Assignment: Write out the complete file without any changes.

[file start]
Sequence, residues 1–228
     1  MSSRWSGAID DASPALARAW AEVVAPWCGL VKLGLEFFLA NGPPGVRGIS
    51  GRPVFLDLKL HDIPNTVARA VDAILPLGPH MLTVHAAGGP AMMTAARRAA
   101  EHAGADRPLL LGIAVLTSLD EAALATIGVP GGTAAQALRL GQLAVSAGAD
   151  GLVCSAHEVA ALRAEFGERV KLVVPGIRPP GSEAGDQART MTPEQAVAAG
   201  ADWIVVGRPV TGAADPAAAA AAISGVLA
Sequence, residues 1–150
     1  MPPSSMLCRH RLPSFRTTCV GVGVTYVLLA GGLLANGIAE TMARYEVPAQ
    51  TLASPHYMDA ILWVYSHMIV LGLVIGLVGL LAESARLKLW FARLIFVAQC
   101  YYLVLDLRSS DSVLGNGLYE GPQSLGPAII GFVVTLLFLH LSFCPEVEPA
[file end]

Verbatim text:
Sequence, residues 1–228
     1  MSSRWSGAID DASPALARAW AEVVAPWCGL VKLGLEFFLA NGPPGVRGIS
    51  GRPVFLDLKL HDIPNTVARA VDAILPLGPH MLTVHAAGGP AMMTAARRAA
   101  EHAGADRPLL LGIAVLTSLD EAALATIGVP GGTAAQALRL GQLAVSAGAD
   151  GLVCSAHEVA ALRAEFGERV KLVVPGIRPP GSEAGDQART MTPEQAVAAG
   201  ADWIVVGRPV TGAADPAAAA AAISGVLA
Sequence, residues 1–150
     1  MPPSSMLCRH RLPSFRTTCV GVGVTYVLLA GGLLANGIAE TMARYEVPAQ
    51  TLASPHYMDA ILWVYSHMIV LGLVIGLVGL LAESARLKLW FARLIFVAQC
   101  YYLVLDLRSS DSVLGNGLYE GPQSLGPAII GFVVTLLFLH LSFCPEVEPA